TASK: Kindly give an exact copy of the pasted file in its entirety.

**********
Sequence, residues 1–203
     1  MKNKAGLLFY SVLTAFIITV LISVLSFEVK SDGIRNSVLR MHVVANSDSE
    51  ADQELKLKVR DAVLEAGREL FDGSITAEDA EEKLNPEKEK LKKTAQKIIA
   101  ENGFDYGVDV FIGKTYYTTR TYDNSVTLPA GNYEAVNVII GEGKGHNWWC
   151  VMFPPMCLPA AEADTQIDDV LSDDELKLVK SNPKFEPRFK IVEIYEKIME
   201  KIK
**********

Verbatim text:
Sequence, residues 1–203
     1  MKNKAGLLFY SVLTAFIITV LISVLSFEVK SDGIRNSVLR MHVVANSDSE
    51  ADQELKLKVR DAVLEAGREL FDGSITAEDA EEKLNPEKEK LKKTAQKIIA
   101  ENGFDYGVDV FIGKTYYTTR TYDNSVTLPA GNYEAVNVII GEGKGHNWWC
   151  VMFPPMCLPA AEADTQIDDV LSDDELKLVK SNPKFEPRFK IVEIYEKIME
   201  KIK